Sony Hack may have been a practice run for something far worse
North Korean defectors are saying that the hack of Sony may have been a practice run for the NoKo's real target; telecoms and energy grids.
The hacking attack on Sony Pictures may have been a practice run for North Korea's elite cyber-army in a long-term goal of being able to cripple telecoms and energy grids in rival nations, defectors from the isolated state said.
Non-conventional capabilities like cyber-warfare and nuclear technology are the weapons of choice for the impoverished North to match its main enemies, they said.
Obsessed by fears that it will be over-run by South Korea and the United States, North Korea has been working for years on the ability to disrupt or destroy computer systems that control vital public services such as telecoms and energy utilities, according to one defector.
"North Korea's ultimate goal in cyber strategy is to be able to attack national infrastructure of South Korea and the United States," said Kim Heung-kwang, a defector from the North who was a computer science professor and says he maintains links with the community in his home country.
"The hacking of Sony Pictures is similar to previous attacks that were blamed on North Korea and is a result of training and efforts made with the goal of destroying infrastructure," said Kim, who came to the South in 2004.
The North's most successful cyber-attack to date may be the hacking at Sony Corp that led to the studio cancelling a comedy on the fictional assassination of North Korean leader Kim Jong Un.
Although not officially accused by Washington, U.S. government sources said on Wednesday that investigators had determined the attack was "state sponsored" and that North Korea was the government involved.
"They have trained themselves by launching attacks related to electronic networks," said Jang Se-yul, a defector from North Korea who studied at the military college for computer sciences before escaping to the South six years ago, referring to the North’s cyber warfare unit.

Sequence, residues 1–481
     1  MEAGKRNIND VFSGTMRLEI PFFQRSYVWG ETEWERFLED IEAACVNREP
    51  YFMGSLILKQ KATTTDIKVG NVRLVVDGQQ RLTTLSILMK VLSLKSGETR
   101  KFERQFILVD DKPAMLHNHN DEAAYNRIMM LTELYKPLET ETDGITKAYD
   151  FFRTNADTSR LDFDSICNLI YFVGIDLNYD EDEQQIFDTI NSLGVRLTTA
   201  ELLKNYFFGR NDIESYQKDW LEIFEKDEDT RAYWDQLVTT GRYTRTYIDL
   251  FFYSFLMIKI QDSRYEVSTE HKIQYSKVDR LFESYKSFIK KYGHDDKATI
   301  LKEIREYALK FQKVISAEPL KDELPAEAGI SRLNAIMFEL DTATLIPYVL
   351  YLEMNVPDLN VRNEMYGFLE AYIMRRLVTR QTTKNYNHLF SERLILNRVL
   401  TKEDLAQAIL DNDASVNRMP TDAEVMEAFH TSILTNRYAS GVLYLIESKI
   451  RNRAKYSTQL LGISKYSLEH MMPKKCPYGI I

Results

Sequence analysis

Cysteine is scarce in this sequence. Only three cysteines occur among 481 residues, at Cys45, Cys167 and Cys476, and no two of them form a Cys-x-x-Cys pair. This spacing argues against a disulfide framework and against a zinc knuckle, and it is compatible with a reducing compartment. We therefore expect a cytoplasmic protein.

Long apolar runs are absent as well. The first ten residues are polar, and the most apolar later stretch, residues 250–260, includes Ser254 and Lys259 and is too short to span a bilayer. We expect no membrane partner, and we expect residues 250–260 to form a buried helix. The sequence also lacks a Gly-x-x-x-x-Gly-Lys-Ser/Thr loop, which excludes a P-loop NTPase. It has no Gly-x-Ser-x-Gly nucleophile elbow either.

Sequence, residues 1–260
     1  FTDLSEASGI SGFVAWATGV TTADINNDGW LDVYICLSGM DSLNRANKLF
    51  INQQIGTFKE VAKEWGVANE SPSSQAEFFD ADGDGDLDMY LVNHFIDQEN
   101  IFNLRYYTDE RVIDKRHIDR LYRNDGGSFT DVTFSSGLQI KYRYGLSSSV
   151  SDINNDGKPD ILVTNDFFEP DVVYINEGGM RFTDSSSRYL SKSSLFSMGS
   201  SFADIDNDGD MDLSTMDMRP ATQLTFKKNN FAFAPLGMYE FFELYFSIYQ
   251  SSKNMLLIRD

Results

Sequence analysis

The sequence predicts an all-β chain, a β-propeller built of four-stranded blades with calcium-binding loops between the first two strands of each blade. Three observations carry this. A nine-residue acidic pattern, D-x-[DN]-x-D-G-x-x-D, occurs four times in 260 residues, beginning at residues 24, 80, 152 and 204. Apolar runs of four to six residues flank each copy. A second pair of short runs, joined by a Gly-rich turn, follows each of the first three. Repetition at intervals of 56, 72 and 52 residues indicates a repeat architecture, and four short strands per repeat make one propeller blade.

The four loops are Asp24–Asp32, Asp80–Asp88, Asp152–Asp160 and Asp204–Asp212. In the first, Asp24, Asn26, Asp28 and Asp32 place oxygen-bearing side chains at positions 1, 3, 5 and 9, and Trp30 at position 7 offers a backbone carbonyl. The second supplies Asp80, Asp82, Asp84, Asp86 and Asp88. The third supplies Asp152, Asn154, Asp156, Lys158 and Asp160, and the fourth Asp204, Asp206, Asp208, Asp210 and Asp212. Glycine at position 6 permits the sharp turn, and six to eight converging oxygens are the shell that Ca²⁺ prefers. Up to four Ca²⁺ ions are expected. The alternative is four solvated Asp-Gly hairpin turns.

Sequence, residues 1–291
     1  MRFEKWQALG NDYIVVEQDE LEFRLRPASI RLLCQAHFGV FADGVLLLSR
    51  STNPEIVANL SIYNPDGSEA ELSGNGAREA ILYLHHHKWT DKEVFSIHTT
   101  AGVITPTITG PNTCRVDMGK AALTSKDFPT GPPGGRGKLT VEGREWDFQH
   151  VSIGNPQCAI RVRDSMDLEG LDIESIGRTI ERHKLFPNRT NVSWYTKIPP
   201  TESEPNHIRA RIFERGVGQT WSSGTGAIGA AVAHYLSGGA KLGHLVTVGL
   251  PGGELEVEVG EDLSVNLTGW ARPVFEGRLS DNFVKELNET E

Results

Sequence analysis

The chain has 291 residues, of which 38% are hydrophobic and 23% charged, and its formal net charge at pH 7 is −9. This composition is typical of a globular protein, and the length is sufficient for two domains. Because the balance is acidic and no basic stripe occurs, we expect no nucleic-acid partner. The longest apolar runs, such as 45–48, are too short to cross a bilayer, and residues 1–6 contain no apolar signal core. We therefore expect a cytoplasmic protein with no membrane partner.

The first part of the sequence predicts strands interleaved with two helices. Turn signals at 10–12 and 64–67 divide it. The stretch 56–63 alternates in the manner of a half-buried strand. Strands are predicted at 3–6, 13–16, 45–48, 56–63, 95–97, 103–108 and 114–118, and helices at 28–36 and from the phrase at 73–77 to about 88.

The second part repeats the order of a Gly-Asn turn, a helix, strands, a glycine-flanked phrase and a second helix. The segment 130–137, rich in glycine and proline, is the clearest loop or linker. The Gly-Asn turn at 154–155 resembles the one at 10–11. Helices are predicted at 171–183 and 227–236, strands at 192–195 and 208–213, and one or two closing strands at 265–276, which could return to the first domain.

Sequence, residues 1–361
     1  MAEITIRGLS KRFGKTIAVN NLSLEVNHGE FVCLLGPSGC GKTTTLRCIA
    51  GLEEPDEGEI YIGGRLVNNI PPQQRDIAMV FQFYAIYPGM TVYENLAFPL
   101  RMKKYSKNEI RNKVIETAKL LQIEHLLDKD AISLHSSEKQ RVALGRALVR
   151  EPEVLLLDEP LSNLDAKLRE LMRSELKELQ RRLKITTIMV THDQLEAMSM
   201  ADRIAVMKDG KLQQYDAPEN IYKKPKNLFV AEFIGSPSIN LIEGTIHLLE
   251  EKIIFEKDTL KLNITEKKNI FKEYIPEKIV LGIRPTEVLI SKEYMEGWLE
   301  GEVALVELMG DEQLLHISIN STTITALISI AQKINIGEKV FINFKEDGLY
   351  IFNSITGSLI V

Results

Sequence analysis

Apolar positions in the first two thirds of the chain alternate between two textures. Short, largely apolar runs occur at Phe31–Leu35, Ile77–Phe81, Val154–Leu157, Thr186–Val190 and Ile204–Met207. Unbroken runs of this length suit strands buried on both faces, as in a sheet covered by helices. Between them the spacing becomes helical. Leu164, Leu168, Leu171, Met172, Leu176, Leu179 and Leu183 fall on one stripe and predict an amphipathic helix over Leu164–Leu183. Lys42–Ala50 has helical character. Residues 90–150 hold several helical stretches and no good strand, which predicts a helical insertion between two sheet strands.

For years, North Korea has been pouring resources into a sophisticated cyber-warfare cell called Bureau 121, run by the military's spy agency and staffed by some of the most talented computer experts in the country, he and other defectors have said.
Most of the hackers in the unit are drawn from the military computer school.
Almost everyone in the cyber security community believes we simply aren't doing enough to protect our power grid and communications. The question is, how realistic is the threat?
It appears that our enemies (read competitors) have made exceedingly greater progress in their sophisticated cyber-warfare techniques than we have achieved in defending ourselves. Now comes Admiral Michael Rogers, the head of the National Security Agency and the U.S. Cyber Command, who warned last week that China and perhaps two other unnamed nations had “the ability to launch a cyber attack that could shut down the entire U.S. power grid and other critical infrastructure.”
Such a dire possibility should well have gotten a wider prominent play in the media. Yet Admiral Rogers underscored that software detected in China could seriously damage our nation’s economic future by interfering with the electric utility power companies that the citizens of New York, Dallas, Chicago, Detroit and other urban centers require as the basic life blood of survival. This possibility is a great deal more dangerous than stealing 76 million names from JP Morgan Chase.
This not a Sci-Fi fantasy being perpetrated as a hoax on the American public. The NSA head flatly predicted that “it is only a matter of the when, not the if, that we are going to see something traumatic.” He admitted NSA was watching multiple nations invest in this dangerous capability. He called the danger a “coming trend,” where our vulnerability will be equivalent to a hole in our software systems that are unseen by the multinational company, the public utility, the telecom giant, the defense manufacturer, the Department of Defense.
It's common sense to make some plans to survive such a cyber attack. Extra canned goods and water, extra cash, making sure you have a clean gun and plenty of ammo, and perhaps a gas powered generator with extra fuel. Experts say that you should plan on at least two weeks being without electricity, with some analysts saying it could be 6 months to a year.
The point is, if you want to survive such a calamity, you have to plan for it. The warnings are becoming more frequent and this cyber terrorist act against Sony is only the tip of the iceberg.